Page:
Rhapsody in Blue

Ask anyone their favorite color, and odds are good that color might be blue. A recent worldwide survey indicated that blue is the most popular color in ten countries spread out over four continents. And not only was blue the favorite color, it had a massive margin over second place colors pretty much across the board: for instance, in Great Britain, 33% of survey respondents selected blue as their favorite color.

One surprising place where blue also topped the popularity survey was China: this is incredibly unexpected as several other colors in China including red and yellow are associated with concepts like good luck and prosperity.

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Cultural significance of the color blue

Blue doesn’t just transcend culture, either. The same survey showed that men and women in the United States both overwhelmingly selected blue as their favorite color. In the United States, blue was also preferred by approximately the same percentage of white, black, and Hispanic survey respondents, and had roughly the same percentage of supporters among Democrats and Republicans. It was also the top color across all age groups. There just seems to be something about the color blue that speaks to people around the world, regardless of demographics, which makes a blue background or blue wallpaper an excellent choice for your website, desktop, or mobile screen.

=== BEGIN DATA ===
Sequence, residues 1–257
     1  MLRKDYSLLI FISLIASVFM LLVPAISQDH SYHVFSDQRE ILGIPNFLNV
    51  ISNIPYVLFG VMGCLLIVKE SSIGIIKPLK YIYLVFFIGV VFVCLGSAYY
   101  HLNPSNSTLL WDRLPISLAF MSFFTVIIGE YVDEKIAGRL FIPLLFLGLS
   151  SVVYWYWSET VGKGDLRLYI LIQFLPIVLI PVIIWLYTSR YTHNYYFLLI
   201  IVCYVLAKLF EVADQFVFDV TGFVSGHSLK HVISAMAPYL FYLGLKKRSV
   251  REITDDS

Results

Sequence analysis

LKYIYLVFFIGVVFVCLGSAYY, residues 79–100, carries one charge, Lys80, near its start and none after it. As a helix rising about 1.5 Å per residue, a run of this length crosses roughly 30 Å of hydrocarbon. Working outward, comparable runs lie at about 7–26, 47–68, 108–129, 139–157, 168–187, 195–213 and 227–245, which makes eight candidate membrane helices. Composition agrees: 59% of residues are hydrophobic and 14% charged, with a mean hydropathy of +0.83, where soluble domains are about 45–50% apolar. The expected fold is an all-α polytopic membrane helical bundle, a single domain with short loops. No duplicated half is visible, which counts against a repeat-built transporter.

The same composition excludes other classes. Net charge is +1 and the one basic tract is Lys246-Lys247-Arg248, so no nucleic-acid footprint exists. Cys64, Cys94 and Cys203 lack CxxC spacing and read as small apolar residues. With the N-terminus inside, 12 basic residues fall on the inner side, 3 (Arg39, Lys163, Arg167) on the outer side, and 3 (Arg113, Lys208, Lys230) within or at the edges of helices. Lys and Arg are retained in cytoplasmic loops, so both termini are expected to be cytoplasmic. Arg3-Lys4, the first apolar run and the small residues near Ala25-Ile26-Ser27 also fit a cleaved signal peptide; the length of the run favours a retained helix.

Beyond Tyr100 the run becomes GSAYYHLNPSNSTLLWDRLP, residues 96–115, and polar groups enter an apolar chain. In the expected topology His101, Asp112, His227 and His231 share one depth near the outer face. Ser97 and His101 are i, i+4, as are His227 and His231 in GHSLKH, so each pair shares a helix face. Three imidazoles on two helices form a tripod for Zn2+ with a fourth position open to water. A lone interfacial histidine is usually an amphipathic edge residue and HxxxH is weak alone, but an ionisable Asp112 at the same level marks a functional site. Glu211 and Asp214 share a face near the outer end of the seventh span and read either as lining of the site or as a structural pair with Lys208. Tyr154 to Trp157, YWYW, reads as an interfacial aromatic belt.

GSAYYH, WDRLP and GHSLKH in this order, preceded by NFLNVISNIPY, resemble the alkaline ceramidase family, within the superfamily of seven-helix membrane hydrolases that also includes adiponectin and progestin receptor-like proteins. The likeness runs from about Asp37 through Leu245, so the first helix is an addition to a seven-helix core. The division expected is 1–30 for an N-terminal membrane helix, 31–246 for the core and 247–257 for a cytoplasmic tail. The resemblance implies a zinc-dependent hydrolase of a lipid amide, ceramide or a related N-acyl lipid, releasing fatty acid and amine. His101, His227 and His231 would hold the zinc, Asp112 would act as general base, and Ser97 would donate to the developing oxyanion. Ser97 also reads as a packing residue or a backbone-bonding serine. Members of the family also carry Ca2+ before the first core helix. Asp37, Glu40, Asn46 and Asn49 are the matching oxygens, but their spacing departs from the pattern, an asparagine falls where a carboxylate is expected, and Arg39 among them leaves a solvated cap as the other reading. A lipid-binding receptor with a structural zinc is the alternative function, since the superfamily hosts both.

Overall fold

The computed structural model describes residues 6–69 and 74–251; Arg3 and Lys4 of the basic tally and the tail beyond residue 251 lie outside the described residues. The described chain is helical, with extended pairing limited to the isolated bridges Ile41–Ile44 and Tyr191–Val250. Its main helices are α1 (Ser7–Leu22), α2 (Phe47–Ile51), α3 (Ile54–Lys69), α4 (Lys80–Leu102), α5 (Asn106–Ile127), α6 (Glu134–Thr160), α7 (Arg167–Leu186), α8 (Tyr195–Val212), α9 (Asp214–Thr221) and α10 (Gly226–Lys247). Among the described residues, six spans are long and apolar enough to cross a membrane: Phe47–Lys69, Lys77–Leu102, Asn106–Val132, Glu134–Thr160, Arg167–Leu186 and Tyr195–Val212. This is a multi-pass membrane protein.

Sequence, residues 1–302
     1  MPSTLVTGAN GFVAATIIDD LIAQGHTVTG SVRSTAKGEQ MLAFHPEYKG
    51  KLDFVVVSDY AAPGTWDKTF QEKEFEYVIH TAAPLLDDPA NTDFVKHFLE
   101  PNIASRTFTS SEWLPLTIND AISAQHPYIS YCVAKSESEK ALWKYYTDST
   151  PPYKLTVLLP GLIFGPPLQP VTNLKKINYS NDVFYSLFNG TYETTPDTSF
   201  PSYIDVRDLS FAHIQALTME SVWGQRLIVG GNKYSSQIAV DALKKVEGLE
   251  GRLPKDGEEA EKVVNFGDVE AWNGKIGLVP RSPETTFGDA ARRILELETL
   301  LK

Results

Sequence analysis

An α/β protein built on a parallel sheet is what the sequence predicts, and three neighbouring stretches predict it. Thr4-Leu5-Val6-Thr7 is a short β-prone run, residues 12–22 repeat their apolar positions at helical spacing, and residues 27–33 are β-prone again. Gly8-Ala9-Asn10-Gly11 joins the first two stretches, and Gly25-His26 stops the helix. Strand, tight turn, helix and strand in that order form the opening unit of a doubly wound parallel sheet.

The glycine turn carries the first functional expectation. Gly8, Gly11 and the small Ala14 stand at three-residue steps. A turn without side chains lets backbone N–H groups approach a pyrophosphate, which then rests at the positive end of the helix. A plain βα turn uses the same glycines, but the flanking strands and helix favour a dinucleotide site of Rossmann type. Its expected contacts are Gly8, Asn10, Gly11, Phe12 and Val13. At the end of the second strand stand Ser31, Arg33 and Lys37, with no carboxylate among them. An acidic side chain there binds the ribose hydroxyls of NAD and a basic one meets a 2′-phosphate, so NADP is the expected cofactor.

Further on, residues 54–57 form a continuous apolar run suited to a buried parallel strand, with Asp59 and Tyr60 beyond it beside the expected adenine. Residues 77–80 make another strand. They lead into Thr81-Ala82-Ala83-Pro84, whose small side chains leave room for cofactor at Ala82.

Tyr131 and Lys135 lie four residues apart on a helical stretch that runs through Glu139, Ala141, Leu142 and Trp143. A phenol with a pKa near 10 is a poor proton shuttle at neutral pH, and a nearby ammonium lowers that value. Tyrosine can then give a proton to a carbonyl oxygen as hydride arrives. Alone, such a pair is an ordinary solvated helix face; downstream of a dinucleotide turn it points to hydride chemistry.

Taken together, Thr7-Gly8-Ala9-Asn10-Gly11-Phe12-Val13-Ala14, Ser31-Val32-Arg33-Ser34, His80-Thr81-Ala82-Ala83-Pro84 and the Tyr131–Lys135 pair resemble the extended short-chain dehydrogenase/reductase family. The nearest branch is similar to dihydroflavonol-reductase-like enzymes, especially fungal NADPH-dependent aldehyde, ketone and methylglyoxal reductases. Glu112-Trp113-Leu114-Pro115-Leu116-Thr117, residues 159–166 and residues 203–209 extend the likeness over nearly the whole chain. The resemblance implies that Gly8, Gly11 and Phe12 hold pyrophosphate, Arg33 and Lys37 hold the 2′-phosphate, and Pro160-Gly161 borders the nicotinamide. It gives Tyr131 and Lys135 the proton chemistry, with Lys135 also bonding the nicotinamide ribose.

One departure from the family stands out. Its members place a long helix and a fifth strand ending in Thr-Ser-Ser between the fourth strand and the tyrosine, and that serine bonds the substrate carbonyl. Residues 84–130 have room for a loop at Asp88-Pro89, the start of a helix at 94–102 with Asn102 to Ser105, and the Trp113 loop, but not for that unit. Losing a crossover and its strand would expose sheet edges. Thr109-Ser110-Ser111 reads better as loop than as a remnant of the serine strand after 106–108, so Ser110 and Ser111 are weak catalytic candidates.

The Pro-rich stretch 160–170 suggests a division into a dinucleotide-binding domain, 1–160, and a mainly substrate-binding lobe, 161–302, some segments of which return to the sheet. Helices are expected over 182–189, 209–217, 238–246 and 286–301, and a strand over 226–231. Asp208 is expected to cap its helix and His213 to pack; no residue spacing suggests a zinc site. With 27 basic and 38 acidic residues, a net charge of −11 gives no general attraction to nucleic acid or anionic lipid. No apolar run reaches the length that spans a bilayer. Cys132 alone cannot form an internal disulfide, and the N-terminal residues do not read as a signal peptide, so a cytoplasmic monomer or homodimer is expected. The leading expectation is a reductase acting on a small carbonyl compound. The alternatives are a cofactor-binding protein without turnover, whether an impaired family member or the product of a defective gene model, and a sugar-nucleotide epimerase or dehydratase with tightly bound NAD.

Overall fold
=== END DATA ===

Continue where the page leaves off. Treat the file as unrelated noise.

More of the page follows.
What does blue mean?

So why are people across the globe so drawn to the color blue? In many cases, it may come down to positive cultural affiliations. In North America and Europe, blue is symbolic of authority and security: just look at the sedate navy blue law enforcement uniforms found throughout both candidates for an example of that. Bonus fun fact: navy blue was once known as marine blue, but it earned its revamped moniker after it was selected as the official color for the uniforms sported by the British Royal Navy starting in 1748.